- Press your glutes backward as you hinge forward from the hips, lowering your chest toward the floor. Make sure you're keeping your spine in alignment and your core tight as you hinge forward. The dumbbells should "graze" the front of your thighs down toward your knees and shins as you allow your arms to simply follow the movement naturally.
- When you've tipped forward as far as you comfortably can (you should start feeling a stretch in the back of your hamstrings), rotate your palms so they're facing inward and immediately pull your elbows back and up toward your body, grazing your sides as you squeeze your shoulders together.
- Reverse the movement and lower the dumbbells back to their starting point, then "pull" yourself back to standing by engaging your hamstrings and glutes.
- Continue the dead lift row combo for the full 60 seconds.
Mountain climbers are a serious cardio exercise that will also work your chest, shoulders, triceps, core and hip flexors (just to name a few). If at any point you can no longer hop your feet back and forth (trust me, it gets hard!), simply step your feet back and forth instead.
- Place your hands on the floor under your shoulders and extend your legs behind you so that you're in a push-up position.
- Pull one knee up toward your torso and rest your toes lightly on the ground, almost as if you were about to start running.
- In a single movement, hop both feet off the ground and alternate their positions so that when they hit the ground, the backward-extended leg is forward and bent and the bent-forward leg is extended backward.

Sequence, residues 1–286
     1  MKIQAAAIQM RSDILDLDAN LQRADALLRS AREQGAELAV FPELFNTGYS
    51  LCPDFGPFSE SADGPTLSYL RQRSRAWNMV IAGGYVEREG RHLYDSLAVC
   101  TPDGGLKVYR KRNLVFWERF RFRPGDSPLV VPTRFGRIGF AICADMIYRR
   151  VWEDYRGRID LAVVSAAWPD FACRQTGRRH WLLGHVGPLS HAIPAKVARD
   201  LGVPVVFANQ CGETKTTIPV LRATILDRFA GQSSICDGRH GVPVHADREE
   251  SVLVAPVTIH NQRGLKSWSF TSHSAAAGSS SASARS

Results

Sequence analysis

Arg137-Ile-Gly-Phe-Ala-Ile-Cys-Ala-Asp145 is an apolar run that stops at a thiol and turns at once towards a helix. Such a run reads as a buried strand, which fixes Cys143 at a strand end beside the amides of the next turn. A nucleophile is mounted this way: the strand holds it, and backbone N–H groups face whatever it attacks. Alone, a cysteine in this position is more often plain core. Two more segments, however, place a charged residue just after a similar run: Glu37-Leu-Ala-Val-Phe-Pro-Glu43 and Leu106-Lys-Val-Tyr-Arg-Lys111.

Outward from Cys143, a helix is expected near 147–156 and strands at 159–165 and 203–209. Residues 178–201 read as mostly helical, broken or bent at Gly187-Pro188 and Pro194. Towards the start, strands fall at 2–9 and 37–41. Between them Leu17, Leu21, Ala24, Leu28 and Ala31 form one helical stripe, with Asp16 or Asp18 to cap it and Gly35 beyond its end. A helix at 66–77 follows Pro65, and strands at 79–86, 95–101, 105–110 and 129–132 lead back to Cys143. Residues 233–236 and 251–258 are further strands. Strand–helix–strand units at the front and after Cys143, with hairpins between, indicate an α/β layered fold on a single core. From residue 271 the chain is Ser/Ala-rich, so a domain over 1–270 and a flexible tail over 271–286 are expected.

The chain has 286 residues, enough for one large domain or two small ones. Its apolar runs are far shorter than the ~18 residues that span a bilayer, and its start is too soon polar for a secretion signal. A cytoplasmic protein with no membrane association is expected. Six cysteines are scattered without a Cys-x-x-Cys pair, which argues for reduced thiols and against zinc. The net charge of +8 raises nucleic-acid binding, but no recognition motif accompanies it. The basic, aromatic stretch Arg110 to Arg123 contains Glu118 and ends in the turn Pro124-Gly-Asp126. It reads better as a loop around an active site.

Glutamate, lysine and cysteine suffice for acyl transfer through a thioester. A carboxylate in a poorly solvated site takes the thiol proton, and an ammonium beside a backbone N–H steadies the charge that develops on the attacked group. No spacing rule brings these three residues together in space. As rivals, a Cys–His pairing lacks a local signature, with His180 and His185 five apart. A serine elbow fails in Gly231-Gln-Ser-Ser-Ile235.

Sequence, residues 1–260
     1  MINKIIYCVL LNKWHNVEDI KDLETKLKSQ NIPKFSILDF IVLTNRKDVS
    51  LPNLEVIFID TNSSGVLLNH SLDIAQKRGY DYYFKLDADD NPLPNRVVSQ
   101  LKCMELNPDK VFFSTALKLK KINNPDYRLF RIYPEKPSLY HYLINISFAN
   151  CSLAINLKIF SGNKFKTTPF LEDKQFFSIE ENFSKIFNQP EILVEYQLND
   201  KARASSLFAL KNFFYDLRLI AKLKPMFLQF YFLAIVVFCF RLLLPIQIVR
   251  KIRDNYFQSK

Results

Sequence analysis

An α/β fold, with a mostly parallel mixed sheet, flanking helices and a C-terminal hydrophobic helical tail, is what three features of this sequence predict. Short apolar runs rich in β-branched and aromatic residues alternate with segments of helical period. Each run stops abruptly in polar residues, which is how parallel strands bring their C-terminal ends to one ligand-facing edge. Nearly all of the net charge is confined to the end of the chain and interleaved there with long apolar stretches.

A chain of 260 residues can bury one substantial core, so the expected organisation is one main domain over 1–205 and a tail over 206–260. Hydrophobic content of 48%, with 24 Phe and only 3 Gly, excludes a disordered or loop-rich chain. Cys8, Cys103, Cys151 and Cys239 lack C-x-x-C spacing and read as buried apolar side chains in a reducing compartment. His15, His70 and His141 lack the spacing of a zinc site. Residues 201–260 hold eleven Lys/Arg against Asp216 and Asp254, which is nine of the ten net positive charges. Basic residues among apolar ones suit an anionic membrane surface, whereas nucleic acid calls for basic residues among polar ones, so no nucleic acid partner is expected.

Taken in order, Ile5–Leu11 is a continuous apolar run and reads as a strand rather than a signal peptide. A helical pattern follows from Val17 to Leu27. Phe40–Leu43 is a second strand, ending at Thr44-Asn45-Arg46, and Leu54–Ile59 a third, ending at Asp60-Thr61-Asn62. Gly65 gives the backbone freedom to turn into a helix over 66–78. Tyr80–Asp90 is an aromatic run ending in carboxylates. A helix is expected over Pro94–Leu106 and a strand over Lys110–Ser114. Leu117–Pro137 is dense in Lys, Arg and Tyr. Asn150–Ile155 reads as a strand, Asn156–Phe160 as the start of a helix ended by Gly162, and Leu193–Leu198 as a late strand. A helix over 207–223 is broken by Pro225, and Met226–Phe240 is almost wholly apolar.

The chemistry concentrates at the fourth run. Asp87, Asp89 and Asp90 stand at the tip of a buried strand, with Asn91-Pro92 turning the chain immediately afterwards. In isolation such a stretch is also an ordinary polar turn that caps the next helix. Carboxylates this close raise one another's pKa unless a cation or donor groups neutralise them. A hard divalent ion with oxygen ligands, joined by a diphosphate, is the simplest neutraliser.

- Continue hopping your legs back and forth as fast as you comfortably can.
Work your core with the V-sit exercise
- Sit on the plyo box or bench with your body in a V-formation, your feet off the floor, your knees pulled in toward your chest. Place your hands behind you on the bench or box for support, if needed.
- Keeping your torso angled slightly backward, extend your legs fully to a wide "V"
- Pull your knees back in to your chest, forming a narrow "V."
- Continue this exercise for the full 60 seconds.
Plié squat with calf raise holding a medicine ball
Tighten up your abductors, your glutes, quads and calves with this static-dynamic movement. Simultaneously tone your upper body by squeezing a medicine ball between your palms at chest-height.
- Step your legs out wide, rotating your toes outward so they point away from your body's mid-line. Bend your knees slightly and squeeze a medicine ball between your palms at chest height.
- Bend your knees, concentrating on keeping your knees in alignment with your toes (you'll need to squeeze your outer thighs and glutes to make this happen), lowering yourself into a deep squat. Your knees should form 90-degree angles and they should not extend out over your toes.
- Hold this position steady for the full 60-second duration of the exercise — this part of the exercise is static.
- As you hold the low squat, lift your heels up off the ground, rising up onto your toes for a dynamic calf raise. Hold your heels up off the floor for five seconds before lowering them back down to the ground.
- Immediately rise back up onto your toes, holding the position for another five seconds before lowering. Continue the calf raise movement for the full 60 seconds.